Latest Blog: Two (Percent) is a Sad Num... - 09/21/2020
Investment Insights are written by Angeles' CIO Michael Rosen
Michael has more than 30 years experience as an institutional portfolio manager, investment strategist, trader and academic.
[nota bene: this is a long one; if you don’t have time, just skip to the summary at the end. I promise, no hard feelings.]
The political experts were remarkably accurate in last week’s UK referendum on continuing to remain in the European Union, projecting a vote of 52%/48%. The actual final tally was 51.9% to 48.1%, so chalk one up to the pundits.
Well, the numbers were spot on, but the sign was the wrong way: instead of a narrow victory to remain, the voters chose to exit. The Bloomsbury Crowd [a group of Cambridge-educated intellectuals who gathered in Bloomsbury, London in the early part of the 20th century to discuss and affirm the importance of themselves] was shocked (shocked!).
This political earthquake sent tremors throughout the markets. The pound sterling saw its biggest single day decline since exchange rates were floated in 1971, plummeting from 1.50 to 1.33 Friday, its lowest level since 1984 (see graph below, GBP/USD 1987-2016). Stocks plunged, gold surged and government bond yields fell from minuscule to imperceptible levels, all as investors shunned risk and sought safety. Economists were quick to re-run their DSGE models (Dynamic Stochastic General Equilibrium, but you probably already knew that), and shaved a few points off of UK GDP growth. S&P and Fitch promptly downgraded the country’s credit rating from AAA to AA.
The immediate impact of an earthquake is physical, but the repercussions are also psychological and economic. From my perspective, the Brexit (Britain exit) vote should be viewed from three angles: economic, financial and political.
Most economists cut their GDP forecasts in the UK by around 1.25% (some higher, some lower), and by about 0.5% for the EU and 0.25% for the US. The general assumptions are that trade barriers will rise and consumer and business spending will be curtailed to varying degrees. These economists are all very smart, and their forecasts may turn out to be true (although it’s been noted that economic forecasts make astrologers look prescient). Eschewing my DSGE model for the Magic 8 ball I had as a kid, my best guess at this point is that these economists are unduly pessimistic, at least in the near-term. The world economy, and especially Europe’s, is, and has been, facing strong headwinds of growth and productivity that has little or nothing to do with whether the UK stays or leaves the EU. In other words, I don’t see economic growth as hinging on Brexit.
The financial impact has been swift and severe, but utterly rational, in my view. Markets have sold assets in-line with their sensitivities to the UK and European economies. The currencies were the first to fall, and markets have generally distinguished between those assets with more and less exposure to the UK/Europe. The sell-off in equities has not been wholesale, and the indiscriminate selling that characterizes panic has not (yet, anyway) transpired. Stocks with greater exposure to the UK have fallen more than those with little or no exposure to that market, and that makes sense.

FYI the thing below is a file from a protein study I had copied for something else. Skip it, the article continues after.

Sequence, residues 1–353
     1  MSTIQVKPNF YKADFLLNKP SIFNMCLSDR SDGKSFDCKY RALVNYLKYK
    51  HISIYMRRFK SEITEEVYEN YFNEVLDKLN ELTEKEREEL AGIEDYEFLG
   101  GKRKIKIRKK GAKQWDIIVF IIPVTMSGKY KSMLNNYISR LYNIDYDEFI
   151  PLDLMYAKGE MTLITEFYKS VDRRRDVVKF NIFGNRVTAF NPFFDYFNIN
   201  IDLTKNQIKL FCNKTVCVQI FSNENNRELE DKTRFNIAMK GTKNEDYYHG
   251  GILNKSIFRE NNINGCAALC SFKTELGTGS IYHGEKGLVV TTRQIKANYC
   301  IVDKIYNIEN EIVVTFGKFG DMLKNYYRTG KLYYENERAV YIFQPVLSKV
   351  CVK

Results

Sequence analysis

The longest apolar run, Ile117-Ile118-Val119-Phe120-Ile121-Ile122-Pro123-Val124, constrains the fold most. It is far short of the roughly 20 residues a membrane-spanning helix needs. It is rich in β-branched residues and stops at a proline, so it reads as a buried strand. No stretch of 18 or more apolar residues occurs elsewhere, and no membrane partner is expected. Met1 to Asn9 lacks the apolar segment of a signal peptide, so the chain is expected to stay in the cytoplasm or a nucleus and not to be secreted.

More importantly, I don’t see any systemic financial risk, as we had in 2008. One measure of financial risk is the LIBOR-OIS spread. It has ticked-up a few (2) basis points in Europe (1st graph below), a bit more (10 bps) in the UK (2nd graph), but nothing like we saw in 2008, when spreads blew out hundreds of basis points (3rd graph).
So far, then, I don’t expect much of a near-term economic impact from this vote, and I see the markets’ actions as orderly and logical. There is little risk of systemic default or liquidity freeze that threatens the normal functioning of the capital markets, à la 2008. But this does not mean that I think there are no tremors from the Brexit vote: the damage is political, and possibly severe.
Starting from the center and working out, UK politics are in turmoil. The ruling Conservatives had been split, with a small majority of MPs favoring to remain. The Prime Minister has resigned, and the party will now fight over his replacement (widely seen as the mercurial mayor of London, Boris Johnson). Virtually every (+90%) Labour MP favored (or, favoured) to remain, but the leader, the Marxist Jeremy Corbyn, was tepid in supporting Remain, his shadow cabinet has resigned, and Labour will now fight over it leadership. Unlike in the US, candidates for Prime Minister are chosen by party elites, not through direct elections. The third-largest party, the Scottish Nationals, are agitating for another swipe at independence from the rest of Britain, but the biggest (maybe only) winner is the fringe, far-right populists (bigots) of the UKIP.